I added this status badge in the
README.md file of my blog as you can see on GitHub.
Pull Request Previews
One of the cool features provided by Netlify is the GitHub integration together with previews for pull requests. Whenever a pull request is created, Netlify builds and deploys the sources in this branch and deploys the result to a separate Netlify subdomain.
Additional information is shown directly in the pull request like in the screenshot below, which was taken immediately after the pull request for this blog post was created. Feel free to have a look at the pull request of this blog post directly on GitHub.
Once Netlify finished processing of this pull request, the box will look like the one below. You will find some information related to build and deployment, which is equivalent to what you see in the Netlify dashboard. If you click on the “Details” link in the row related to the deploy preview, you will be redirected to the Netlify subdomain to which the preview was deployed.
In my case the URL of the base URL of the deploy preview is https://deploy-preview-2–baitando.netlify.com.
According to the documentation the URL foolows the schema
Don’t worry about SEO and duplicate content.
Like previously described, Netlify sends the
x-robots-tag: noindex header for such deploy previews.
As a second measure, we made sure that the
canonical link is set as described in the preparation part related to SEO pitfalls.
Now let’s check some numbers related to performance. Due to the fact that my blog has not that many visitors, this is not that important. Nevertheless I am a Software Engineer who is happy with good, stable solutions with good performance.
The numbers below are some values from loading one of the blog posts before and after the migration. I simply opened the developer console in the browser and requested the same blog post several times to get a feeling for usual loading times which may vary from one request to another. Then I picked the values of a request with a usual response time and wrote them down. I think this gives at least an indication of how performance changed due to the migration.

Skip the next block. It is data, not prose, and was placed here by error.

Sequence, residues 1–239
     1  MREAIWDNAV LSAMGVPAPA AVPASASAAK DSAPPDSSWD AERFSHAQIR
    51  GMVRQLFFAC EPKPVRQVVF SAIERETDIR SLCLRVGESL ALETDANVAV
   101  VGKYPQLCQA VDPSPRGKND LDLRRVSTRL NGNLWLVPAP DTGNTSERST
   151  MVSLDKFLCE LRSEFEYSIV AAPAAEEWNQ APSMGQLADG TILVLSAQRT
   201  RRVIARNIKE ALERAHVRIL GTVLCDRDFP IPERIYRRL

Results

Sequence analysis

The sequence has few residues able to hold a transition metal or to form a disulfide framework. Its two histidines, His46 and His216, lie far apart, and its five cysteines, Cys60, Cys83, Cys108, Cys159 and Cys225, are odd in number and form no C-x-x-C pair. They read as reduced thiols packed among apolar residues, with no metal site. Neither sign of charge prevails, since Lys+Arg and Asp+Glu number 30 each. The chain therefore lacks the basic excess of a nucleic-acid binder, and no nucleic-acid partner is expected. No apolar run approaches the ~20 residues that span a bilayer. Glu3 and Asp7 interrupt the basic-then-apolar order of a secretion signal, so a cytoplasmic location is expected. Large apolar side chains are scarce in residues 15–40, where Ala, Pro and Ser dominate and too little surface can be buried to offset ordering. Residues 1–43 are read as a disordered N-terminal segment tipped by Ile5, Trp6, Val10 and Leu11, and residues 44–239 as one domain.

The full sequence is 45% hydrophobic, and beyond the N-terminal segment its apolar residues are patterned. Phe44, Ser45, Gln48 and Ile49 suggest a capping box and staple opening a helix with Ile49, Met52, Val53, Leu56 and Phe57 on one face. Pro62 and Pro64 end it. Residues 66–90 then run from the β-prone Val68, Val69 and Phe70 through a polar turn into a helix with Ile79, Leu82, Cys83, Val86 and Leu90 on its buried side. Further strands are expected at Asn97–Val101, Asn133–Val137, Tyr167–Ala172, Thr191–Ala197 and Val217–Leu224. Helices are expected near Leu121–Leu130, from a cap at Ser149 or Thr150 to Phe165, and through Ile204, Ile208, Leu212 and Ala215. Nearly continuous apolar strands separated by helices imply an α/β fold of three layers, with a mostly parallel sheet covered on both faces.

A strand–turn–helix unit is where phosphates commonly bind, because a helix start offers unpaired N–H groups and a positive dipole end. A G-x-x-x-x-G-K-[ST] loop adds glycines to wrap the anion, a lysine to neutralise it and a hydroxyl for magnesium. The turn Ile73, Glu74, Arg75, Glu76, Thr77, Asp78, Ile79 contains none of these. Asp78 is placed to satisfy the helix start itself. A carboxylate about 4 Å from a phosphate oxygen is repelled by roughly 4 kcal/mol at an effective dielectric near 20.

First I disabled caching in the developer console of the browser and did some measurements in different scenarios.
|Old without caching||1.79 s||1.3 MB||33|
|New without caching without optimization||1.26 s||1.2 MB||32|
|New without caching with optimization||1.19 s||1.2 MB||25|
After that I enabled caching in the web console and did some more measurements.
|Old with caching||675 ms||8.6 KB||33|
|New with caching without optimization||634 ms||5.8 KB||32|
|New with caching with optimization||433 ms||853 B||25|
These values indicate that performance improved a bit. This is what I hoped for, because I did not use a CDN before the migration and now switched to a solution with a CDN. Based on these results it seems like it was at least not the wrong decision to move to Netlify from a performance point of view.
Now that the migration itself finished, it is time to clean up. I won’t go into details here, but the things I had to do are listed below.
- Deactivate the repository on Travis.
- Remove the
- Delete all data on the old webspace.
In this post I described the necessary steps to migrate my blog to Netlify. This should be more or less also valid for any other static website.
The migration was easily doable and the solution itself looks good from my current point of view. I did not regret to migrate and I hope I won’t in the future.
I will gather some more experience with writing my next blog posts. If my current impression is confirmed, I will most likely migrate some other websites I do on a voluntary basis.